It's hard to believe July is almost here. Our weather forecast tells us to expect 102 degrees tomorrow. That is hot for Ohio. I'm putting the finishing touches on a couple of pieces and plan to stay indoors with the kids. Maybe a swimming pool in the evening.
This is a new copper foldform cuff with little stamped designs. I haven't made a cuff in awhile so I really had fun with it. Now I'd like to make more, but they will have to wait for a couple of custom projects to be finished up.
That is just about all for today. I waited until almost midnight to post, so I'm too sleepy to think let alone write. Off to bed.
Click here for info about the Lewton-Brain Foldform Award or the annual conference Aug 3-6, 2012.
Let's get my little post out of the way first, and then to the important stuff.
One of the first things I ever grabbed to foldform was a piece of plumbing pipe. It just happened to be laying around the house. I liked the result but that's as far as it went. Then last week I saw a demo for making a puffed ring with dapping tools, and thought about that pipe again. So I cut off some short lengths, annealed them with my torch, and started hammering them into my dapping block. Here is what I got.
Too bad I can't get any two to look alike, because don't you think the one in front would make a great eye? (Hehe little things make me happy.)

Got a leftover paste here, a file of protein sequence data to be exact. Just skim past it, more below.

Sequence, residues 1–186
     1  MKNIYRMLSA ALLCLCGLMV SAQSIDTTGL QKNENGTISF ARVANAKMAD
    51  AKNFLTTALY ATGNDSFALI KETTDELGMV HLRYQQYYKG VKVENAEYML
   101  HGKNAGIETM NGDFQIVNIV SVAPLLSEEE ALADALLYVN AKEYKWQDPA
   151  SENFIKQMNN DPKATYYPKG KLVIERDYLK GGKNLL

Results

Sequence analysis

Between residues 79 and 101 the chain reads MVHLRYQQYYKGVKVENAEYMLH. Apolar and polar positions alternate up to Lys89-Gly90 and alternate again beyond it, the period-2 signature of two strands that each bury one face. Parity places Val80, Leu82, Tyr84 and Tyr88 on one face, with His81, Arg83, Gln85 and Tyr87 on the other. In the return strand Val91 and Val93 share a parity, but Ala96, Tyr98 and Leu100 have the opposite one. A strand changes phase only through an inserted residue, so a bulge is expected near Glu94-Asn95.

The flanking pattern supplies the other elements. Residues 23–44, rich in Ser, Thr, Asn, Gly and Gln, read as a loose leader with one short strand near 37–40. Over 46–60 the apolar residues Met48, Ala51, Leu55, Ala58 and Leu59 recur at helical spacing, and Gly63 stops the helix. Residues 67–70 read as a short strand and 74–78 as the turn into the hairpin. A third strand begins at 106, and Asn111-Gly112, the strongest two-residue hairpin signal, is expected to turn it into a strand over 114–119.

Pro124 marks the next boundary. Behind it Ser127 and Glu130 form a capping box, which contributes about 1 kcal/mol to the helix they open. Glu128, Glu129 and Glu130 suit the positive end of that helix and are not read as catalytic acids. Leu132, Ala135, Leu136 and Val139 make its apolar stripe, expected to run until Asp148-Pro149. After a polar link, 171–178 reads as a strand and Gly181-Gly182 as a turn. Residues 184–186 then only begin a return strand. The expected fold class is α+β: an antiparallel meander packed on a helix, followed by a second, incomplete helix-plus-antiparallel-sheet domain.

Yes, I know. Get back to jewelry, crazy girl.
Guess what's coming up?
A Foldforming Conference with Charles Lewton-Brain
I have a VERY exciting trip coming up in a few short weeks, Aug 3-6. I will be at the Center of Metal Arts in New York for more incredible foldforming instruction from Charles Lewton-Brain. YOU COULD GO TOO. There are still spaces left! Check out the web site http://centerformetalarts.com and click on Upcoming Seminars in the left column.
NOTE: Ask about available housing and work-trade opportunities!!
And a foldform competition DEADLINE JUNE 30
After registering, keep scrolling down to see the Call for Entries for the inaugural Lewton-Brain Foldform Award. If you do foldforming, enter your pieces! It's a great way to get your work in front of amazing judges Charles Lewton-Brain, Tim McCreight, and Ed Mack. And if you do metal at all, I'm absolutely sure you own a copy of The Complete Metalsmith by Tim McCreight... or have received copies of those pages as handouts in class-- Right?
Now enter the competition and get your work in front of these world class judges!!
Yes, I kind of skipped my blog post last week. I was in Denver for a 5 day, one-on-one workshop with the wonderful Lexi Erickson, a contributing editor for Lapidary Journal Jewelry Artist magazine. Her work has graced the cover five times, and she is a regular writer for Jewelry Making Daily. Originally an archaeologist, Lexi's pieces are influenced by her love for those artifacts, making her pieces interesting as well as beautiful.